This is the part 2 of 3 of the mini-series on "Starting up in Operational Research".
Question 1: What programming languages should I learn?
Question 2: Should I be a generalist or a specialist as an Operational Research professional?
"As an Operational Research professional, are you usually viewed as a "jack of all trades" or do you usually have to specialize in one area like marketing, government, military, logistics, etc.?"
The short answer is:
First of all, there are two different types of "specializations" in Operational Research: industry specialization, and OR technique specialization. When you are a student at the master's level, you cannot afford to specialize in either industry or technique, because there is so much to learn, and it is all somewhat important. However, once you start working as an OR professional, because of the nature of your work / organization, you will almost be forced to specialize in an industry, such as marketing, healthcare, defense, logistics, mining, energy, etc. However, personally, I would not corner myself into specializing in an OR technique, such as optimization, forecasting, simulation, etc., unless I were an academia. This is because of 'what-if' scenarios for your career. As an OR professional, if you specialize in a technique, you may pigeon-hole yourself into one type of job, which will be difficult to change from if you ever want to. For example, what if you wanted a change from doing simulation models? Personally, specializing in one OR technique could quickly get boring, but that may not be the case for everybody.
Now, let me elaborate a bit more on the above:
As a student of Operational Research (a.k.a. "Operations Research" in North America), there simply isn't time enough to specialize in one field of OR during the studies. At least that was the case for me. My program, Master of Management in Operations Research, run by the Centre for Operations Excellence in the Sauder School of Business, University of British Columbia, is 15 months long. It included 8 months of intensive, mandatory, foundational courses to build up the skills and tools necessary for an Operational Research professional, including but not limited to: optimization, simulation, forecasting, statistical methodology, stochastic processes, decision analysis, operations management and logistics, consulting practices, as well as operations research and management sciences best practices. These are our tools to be a "jack of all trades", and must not be neglected. Then the program included a crucial 4-month (typically) hands-on project, where the student acts as the main consultant on behalf of the school to work with a private or public organization on a relatively high importance OR project, charged with real deliverables to the client. This makes it a "professional degree", instead of a M.Sc. (Master of Science) where the student is expected to do research and produce an academic thesis paper. After the project, the entire program wraps up with another 4 months of courses, but to be chosen by the student. This is the opportunity to specialize if you wish. However, I don't believe 4 months of studies can make anyone a "specialist" in anything. It is the future work that you do that will shape you into whatever specialist you may choose to be.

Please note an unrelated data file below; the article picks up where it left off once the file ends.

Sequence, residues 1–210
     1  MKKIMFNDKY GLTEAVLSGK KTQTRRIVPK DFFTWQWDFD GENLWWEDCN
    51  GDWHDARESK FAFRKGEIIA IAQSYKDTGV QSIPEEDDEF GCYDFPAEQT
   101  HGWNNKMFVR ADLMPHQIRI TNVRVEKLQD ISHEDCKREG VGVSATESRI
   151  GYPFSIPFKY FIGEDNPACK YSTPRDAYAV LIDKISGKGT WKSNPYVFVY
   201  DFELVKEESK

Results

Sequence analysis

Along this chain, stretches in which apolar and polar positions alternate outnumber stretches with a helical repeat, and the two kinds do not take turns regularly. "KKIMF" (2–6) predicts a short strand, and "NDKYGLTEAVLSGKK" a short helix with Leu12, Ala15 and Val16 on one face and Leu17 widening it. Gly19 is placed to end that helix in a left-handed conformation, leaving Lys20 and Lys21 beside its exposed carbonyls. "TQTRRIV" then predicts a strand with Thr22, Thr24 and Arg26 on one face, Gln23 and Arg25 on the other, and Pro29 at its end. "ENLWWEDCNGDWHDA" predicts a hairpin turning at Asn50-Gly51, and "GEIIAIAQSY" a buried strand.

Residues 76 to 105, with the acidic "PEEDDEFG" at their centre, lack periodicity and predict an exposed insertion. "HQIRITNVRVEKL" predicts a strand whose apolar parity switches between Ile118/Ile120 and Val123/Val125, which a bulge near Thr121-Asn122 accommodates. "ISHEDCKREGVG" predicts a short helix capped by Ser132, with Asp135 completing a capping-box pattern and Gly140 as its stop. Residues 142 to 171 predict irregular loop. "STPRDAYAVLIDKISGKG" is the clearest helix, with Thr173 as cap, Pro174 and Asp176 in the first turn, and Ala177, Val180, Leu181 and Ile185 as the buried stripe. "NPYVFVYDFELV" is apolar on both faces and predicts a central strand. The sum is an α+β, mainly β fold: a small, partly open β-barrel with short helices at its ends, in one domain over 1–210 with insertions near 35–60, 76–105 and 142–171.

As a professional working in OR, one will be forced into specializing in an industry or a field of business, such as healthcare, unless you go with a large consulting firm that deals with more than just one type of industry. With the big consulting firms, you may get the chance to be exposed to different industries, but you may have to insist. That experience could be invaluable. From my current job hunting experience in the UK, many industries are rather incestuous, such as energy, finance, insurance, and healthcare. Many jobs will require you to have experience in an industry before they would consider you a worthy candidate. I do not agree with it entirely. Even though there is much to be said about prior industry experience, a good management consultant can transcend industries, because his/her expertise is in the problem solving aspect. Industry knowledge can be picked up quickly by a good consultant, not to be an expert, but enough to solve the problem efficiently. Not mentioning, if an industry keeps hiring from within, not to be cliche, but it just doesn't have the new blood or the out-of-the-box fresh thinking to approach problems from a different angle. I understand if the hiring manager prefers a candidate with prior industry experience over one that does not, but to list it as an essential criteria is over the top and short-sighted.
To learn more about the fields that Operational Research plays a major role in, check this out.